HTML & CSS
Article
By Craig Buckler

How to Create CSS3 Speech Bubbles Without Images

By Craig Buckler

I remember my creating my first image-less speech bubble many years ago. It required a long-winded JavaScript function to inject elements into the DOM, some horrendous CSS, looked fairly awful, and didn’t work well in IE5.

CSS3 is starting to change our lives for the better. It’s now possible to create a great looking speech bubble which works in all browsers, uses a single HTML element, a few lines of CSS3 code, no images, and no JavaScript whatsoever…

CSS3 speech bubble

To ease you in gently, let’s examine the HTML. A single element is required, so I’m using a P tag:

<p class="speech">SitePoint Rocks!</p>

First, we’ll style the outer box:

p.speech {
  position: relative;
  width: 200px;
  height: 100px;
  text-align: center;
  line-height: 100px;
  background-color: #fff;
  border: 8px solid #666;
  -webkit-border-radius: 30px;
  -moz-border-radius: 30px;
  border-radius: 30px;
  -webkit-box-shadow: 2px 2px 4px #888;
  -moz-box-shadow: 2px 2px 4px #888;
  box-shadow: 2px 2px 4px #888;
}

Nothing too complicated there. The only essential property is position: relative which is necessary for the speech bubble pointer. We also require Mozilla and Webkit vendor prefixes for border-radius and box-shadow to ensure they work in all CSS3 browsers. IE8 and below will show squared corners and no shadow, but the box will still be visible.

CSS3 speech bubble

Now we need to create the triangular bubble pointer. Rather than resorting to images, we can use CSS borders to create any type of triangle. As a brief explanation, examine an element with wide differently-colored borders:

CSS3 border triangles

If we reduce the width and height of our element to 0px and use different sized borders, we can see different triangles being formed:

CSS3 border triangles

For our speech bubble pointer, we can therefore use a solid top and left border with transparent right and bottom borders:

CSS3 border triangles

But what do we assign those border properties to? Fortunately, we can use the CSS :before and :after pseudo-elements to generate two more content items. Therefore:

p.speech:before {
  content: ' ';
  position: absolute;
  width: 0;
  height: 0;
  left: 30px;
  top: 100px;
  border: 25px solid;
  border-color: #666 transparent transparent #666;
}

The triangle is positioned at the bottom of our bubble. Incidentally, don’t bother trying to apply a shadow to this element — it’ll be shown around the transparent borders rather than the visible triangle.

CSS3 speech bubble

We must now remove a section of this triangle. We can position a smaller white triangle over the gray one to achieve that effect:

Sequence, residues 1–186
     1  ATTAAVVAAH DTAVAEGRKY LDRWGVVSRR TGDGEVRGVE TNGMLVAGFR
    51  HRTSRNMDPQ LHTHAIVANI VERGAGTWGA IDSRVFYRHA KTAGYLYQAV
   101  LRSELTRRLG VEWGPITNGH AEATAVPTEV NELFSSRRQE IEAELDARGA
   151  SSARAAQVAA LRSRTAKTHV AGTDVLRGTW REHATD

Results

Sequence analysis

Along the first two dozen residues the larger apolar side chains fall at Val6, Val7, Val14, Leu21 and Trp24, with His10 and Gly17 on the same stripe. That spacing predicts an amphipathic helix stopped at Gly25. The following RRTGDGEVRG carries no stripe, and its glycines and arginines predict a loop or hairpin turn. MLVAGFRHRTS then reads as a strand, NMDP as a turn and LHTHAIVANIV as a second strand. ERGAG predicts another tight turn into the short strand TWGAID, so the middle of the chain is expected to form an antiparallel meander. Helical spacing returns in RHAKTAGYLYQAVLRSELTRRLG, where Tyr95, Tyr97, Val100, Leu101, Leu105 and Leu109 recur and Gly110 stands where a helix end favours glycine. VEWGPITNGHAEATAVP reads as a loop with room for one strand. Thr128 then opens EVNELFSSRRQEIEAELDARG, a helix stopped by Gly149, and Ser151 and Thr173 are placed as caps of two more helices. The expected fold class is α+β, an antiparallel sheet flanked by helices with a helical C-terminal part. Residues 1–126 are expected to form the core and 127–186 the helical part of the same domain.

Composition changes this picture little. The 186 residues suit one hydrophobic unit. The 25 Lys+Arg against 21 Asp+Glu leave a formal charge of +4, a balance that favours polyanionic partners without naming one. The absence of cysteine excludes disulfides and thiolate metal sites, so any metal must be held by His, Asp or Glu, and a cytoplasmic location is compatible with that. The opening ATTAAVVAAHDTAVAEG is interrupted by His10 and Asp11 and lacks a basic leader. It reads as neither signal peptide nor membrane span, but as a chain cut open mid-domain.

p.speech:after {
  content: ' ';
  position: absolute;
  width: 0;
  height: 0;
  left: 38px;
  top: 100px;
  border: 15px solid;
  border-color: #fff transparent transparent #fff;
}

Our pure CSS3 image-less speech bubble is complete.

CSS3 speech bubble

In essence, we can utilize the :before and :after pseudo-elements to create many different effects. For example, a thought bubble can be created with two content items rounded into circles:

p.thought {
  position: relative;
  width: 130px;
  height: 100px;
  text-align: center;
  line-height: 100px;
  background-color: #fff;
  border: 8px solid #666;
  -webkit-border-radius: 58px;
  -moz-border-radius: 58px;
  border-radius: 58px;
  -webkit-box-shadow: 2px 2px 4px #888;
  -moz-box-shadow: 2px 2px 4px #888;
  box-shadow: 2px 2px 4px #888;
}

p.thought:before, p.thought:after {
  left: 10px;
  top: 70px;
  width: 40px;
  height: 40px;
  background-color: #fff;
  border: 8px solid #666;
  -webkit-border-radius: 28px;
  -moz-border-radius: 28px;
  border-radius: 28px;
}

p.thought:after {
  width: 20px;
  height: 20px;
  left: 5px;
  top: 100px;
  -webkit-border-radius: 18px;
  -moz-border-radius: 18px;
  border-radius: 18px;
}

CSS3 thought bubble

Please see the demonstration page for an example which uses these techniques. All the CSS code is contained in the HTML source.

Have you used similar techniques to create other effects?

If you enjoyed reading this post, you’ll love Learnable; the place to learn fresh skills and techniques from the masters. Members get instant access to all of SitePoint’s ebooks and interactive online courses, like Learn CSS3.

Comments on this article are closed. Have a question about CSS3? Why not ask it on our forums?

Recommended
Sponsors
The most important and interesting stories in tech. Straight to your inbox, daily. Get Versioning.
Login or Create Account to Comment
Login Create Account